Why is it that now, after almost 12 years of internecine bloodshed, the opposing sides in El Salvador appear on the verge of ending their war? Why, after 40,000 political murders, has the Salvadoran government for the first time allowed the prosecution and conviction of one of its agents? The answer to these questions reveals the great flaw in U.S. policy.
The United States should not congratulate itself if a negotiated resolution is reached to El Salvador's war, since such a settlement was anathema to the architects of U.S policy in the 1980s. Until 1990, that policy was to obtain a clear victory by pressing the Salvadoran regime to provide what the insurgents promised--a just and equitable society, which would deprive the guerrillas of their appeal.
The United States assumed that its almost $6 billion in support bought considerable leverage. America's help was welcome but its advice was spurned--and for very good reason. Democratizing reforms would dilute the prerogatives of those in power in El Salvador, and whenever they perceived the United States to be constrained by its own national interests, U.S. leverage declined precipitously.
U.S. policy-makers were caught in a trap. The position of American liberals and conservatives was identical concerning policy toward El Salvador; both were adamant, for domestic political and apparent geostrategic reasons, that El Salvador not fall to the FMLN, the Farabundo Marti National Liberation Front. How, then, could the Salvadoran military and the far right be pressured to reform by threats to cease aid when Washington repeatedly affirmed its determination to "draw a line" against communism in El Salvador?
So, while the ruling Salvadorans made appropriate gestures in response to U.S. conditions--bowing to pressure to remove some human-rights abusers from command, initiating a U.S.-inspired and -funded land reform program--when the reforms threatened the status quo, they were emasculated.
In many instances, especially in the field of human rights, the Salvadoran far right and military remained remarkably immune to American blandishments. Washington often found itself forced to settle for less than it hoped, even less than the minimum improvement it thought absolutely necessary. Such capitulation left the United States supporting policies and practices that sustained the insurgency while committing America's prestige to its defeat.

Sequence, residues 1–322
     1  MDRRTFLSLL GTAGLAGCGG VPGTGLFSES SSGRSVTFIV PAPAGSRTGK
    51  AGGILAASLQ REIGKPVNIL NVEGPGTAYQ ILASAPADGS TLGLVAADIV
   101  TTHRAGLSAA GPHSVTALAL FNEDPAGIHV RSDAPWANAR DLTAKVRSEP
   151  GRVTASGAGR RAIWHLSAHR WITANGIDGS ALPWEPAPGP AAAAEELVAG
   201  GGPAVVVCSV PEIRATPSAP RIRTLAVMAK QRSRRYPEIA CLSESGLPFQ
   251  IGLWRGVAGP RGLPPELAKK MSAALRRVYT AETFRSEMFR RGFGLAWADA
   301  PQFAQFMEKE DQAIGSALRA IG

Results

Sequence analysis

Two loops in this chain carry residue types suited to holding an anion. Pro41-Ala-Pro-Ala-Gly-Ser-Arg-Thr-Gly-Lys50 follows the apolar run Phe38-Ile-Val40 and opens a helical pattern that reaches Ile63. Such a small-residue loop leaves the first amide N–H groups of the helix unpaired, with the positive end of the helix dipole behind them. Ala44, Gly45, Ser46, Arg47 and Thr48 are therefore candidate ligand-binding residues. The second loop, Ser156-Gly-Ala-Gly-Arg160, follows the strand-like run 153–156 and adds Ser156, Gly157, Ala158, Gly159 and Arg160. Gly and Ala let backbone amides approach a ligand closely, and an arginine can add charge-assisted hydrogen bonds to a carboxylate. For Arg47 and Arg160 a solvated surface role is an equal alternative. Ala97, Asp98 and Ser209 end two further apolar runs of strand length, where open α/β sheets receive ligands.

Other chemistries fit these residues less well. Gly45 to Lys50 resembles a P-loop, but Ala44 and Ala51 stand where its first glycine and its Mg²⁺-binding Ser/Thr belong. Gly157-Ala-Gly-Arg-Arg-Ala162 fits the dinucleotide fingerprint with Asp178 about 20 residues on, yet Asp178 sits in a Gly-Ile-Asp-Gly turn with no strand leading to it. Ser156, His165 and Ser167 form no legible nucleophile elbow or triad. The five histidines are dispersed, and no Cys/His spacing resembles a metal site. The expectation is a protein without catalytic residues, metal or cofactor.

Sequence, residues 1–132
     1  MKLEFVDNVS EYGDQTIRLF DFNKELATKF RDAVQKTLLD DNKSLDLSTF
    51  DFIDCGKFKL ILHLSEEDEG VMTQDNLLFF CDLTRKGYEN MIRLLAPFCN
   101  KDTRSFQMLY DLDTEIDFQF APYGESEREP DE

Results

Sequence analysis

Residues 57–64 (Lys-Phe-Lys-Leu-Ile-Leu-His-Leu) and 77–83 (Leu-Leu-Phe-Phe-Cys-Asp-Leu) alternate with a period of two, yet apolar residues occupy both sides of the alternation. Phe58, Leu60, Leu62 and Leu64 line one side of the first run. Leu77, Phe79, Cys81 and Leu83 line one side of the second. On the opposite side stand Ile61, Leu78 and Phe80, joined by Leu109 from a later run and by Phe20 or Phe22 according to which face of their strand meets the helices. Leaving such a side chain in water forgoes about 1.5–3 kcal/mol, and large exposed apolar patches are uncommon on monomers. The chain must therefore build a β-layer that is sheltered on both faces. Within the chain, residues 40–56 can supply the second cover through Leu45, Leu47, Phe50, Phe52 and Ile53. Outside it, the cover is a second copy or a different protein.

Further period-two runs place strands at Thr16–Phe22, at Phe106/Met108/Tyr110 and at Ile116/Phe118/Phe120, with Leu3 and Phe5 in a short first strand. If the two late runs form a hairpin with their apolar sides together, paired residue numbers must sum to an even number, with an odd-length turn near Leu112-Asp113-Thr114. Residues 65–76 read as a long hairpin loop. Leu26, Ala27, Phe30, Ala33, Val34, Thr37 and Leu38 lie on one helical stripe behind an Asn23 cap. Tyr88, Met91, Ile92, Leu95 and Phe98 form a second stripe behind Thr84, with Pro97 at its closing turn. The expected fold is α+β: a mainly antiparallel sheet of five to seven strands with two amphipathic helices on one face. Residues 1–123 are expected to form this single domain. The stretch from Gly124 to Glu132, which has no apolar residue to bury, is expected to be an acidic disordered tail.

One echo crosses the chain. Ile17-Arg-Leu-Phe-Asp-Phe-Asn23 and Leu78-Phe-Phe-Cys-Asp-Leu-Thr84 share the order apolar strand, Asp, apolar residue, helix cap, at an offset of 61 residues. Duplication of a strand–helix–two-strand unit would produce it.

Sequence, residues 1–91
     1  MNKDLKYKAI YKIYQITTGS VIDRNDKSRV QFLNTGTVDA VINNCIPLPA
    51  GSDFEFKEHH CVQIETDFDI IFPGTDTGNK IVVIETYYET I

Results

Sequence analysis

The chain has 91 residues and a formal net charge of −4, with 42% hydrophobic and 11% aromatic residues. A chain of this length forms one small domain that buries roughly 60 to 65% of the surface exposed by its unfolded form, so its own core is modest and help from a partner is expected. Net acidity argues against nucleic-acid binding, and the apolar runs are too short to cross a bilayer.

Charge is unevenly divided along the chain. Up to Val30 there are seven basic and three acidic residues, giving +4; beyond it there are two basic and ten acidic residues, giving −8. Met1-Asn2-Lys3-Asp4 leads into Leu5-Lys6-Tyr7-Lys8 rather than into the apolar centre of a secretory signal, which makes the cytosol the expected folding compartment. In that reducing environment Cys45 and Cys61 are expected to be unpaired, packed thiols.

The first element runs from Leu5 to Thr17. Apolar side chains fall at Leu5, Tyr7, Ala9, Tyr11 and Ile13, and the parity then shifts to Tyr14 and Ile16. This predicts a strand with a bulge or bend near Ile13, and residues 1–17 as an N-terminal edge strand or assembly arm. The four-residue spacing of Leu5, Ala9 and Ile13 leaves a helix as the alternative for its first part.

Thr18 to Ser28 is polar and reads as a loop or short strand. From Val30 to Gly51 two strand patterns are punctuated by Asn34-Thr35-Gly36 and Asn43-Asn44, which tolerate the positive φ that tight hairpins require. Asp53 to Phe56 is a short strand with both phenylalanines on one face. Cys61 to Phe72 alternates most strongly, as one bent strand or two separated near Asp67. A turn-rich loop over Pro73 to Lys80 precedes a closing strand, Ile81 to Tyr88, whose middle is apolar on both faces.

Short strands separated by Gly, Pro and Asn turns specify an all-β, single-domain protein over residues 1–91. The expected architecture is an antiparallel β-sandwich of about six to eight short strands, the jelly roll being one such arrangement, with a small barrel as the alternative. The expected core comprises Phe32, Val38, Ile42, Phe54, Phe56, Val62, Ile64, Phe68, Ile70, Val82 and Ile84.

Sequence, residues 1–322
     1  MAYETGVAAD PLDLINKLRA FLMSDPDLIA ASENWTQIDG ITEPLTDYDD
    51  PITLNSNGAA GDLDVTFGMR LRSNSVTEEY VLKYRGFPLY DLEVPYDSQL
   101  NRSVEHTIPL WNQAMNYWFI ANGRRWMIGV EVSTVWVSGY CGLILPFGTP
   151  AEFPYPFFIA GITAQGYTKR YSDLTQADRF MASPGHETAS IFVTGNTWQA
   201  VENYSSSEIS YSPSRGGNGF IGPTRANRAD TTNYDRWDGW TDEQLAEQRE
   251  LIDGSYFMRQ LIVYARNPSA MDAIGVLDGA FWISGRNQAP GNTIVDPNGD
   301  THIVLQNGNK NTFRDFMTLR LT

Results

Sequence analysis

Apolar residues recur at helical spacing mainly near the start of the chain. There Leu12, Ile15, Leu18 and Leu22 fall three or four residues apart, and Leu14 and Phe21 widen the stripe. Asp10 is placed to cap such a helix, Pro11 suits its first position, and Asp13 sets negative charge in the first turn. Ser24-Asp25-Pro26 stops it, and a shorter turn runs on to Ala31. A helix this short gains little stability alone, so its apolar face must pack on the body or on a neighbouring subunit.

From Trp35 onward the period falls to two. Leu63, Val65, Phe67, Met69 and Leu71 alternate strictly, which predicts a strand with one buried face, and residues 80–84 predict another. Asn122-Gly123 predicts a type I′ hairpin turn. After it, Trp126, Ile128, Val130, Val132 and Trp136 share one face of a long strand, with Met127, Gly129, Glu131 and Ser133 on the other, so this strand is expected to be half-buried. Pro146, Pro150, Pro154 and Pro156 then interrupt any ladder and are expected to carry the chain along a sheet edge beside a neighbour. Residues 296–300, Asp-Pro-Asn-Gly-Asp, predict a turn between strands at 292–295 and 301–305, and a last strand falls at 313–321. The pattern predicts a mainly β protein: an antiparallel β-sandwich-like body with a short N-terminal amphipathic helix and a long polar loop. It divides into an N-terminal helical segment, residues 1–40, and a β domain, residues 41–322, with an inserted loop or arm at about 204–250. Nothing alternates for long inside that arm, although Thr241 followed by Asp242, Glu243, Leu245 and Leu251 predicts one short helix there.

In its unwavering support of the beleaguered Salvadoran regime, the U.S. policy succeeded only in prolonging the war. The ambitious goals of both the policy and the war never were realized. Meanwhile, the security concerns that impelled the U.S. policy have all but evaporated along with the East-West contest and El Salvador's perceived place in it. "Winning" in El Salvador no longer matters much. A negotiated solution, or even "losing," would not carry the ominous significance it would have had for the Reagan Administration.
If the contestants in El Salvador negotiate an end to the present conflict, let alone a permanent peace, they will have done so because they are too weary to continue fighting--and because America can for the first time influence the Salvadoran right and press the military into making meaningful concessions to the FMLN.
Paradoxically, U.S. leverage has vastly increased because the Salvadoran regime realizes that Washington no longer has pressing reasons to continue supporting it. Thus, the same U.S. pressure for progress in human rights that was so fruitless in the past proved successful three weeks ago. With the end of the Cold War, the regime finally saw some credibility in threats that U.S. aid would be withdrawn unless convictions were obtained in the military murder of the Jesuit priests and their employees almost two years ago.
That these conditions have proved necessary to bring murderers to justice and antagonists to the negotiating table sums up the history of America's involvement in El Salvador: First we devoted our political energy and national resources to prevent the defeat of our ally and to help institute reforms we deemed essential for democracy to triumph. We then endured a prolonged period of frustration at our ally's failure to defeat the insurgency or reform radically enough. Finally, when El Salvador lost its importance, we left the settling of differences to a U.N. mediator.
U.S. officials and policy planners have said that they look upon the "strategy" pursued by us in El Salvador as a model for future involvements in such places as Peru. But this is dubious. If that strategy proves most effective when vital U.S. national security issues are not at stake, it will work best in situations that matter least.
Looking back at the last decade of our involvement in El Salvador, it seems painfully clear that we have pursued a policy by means unsettling to ourselves, for ends humiliating to the Salvadorans, and at a cost disproportionate to any conventional conception of our national interest.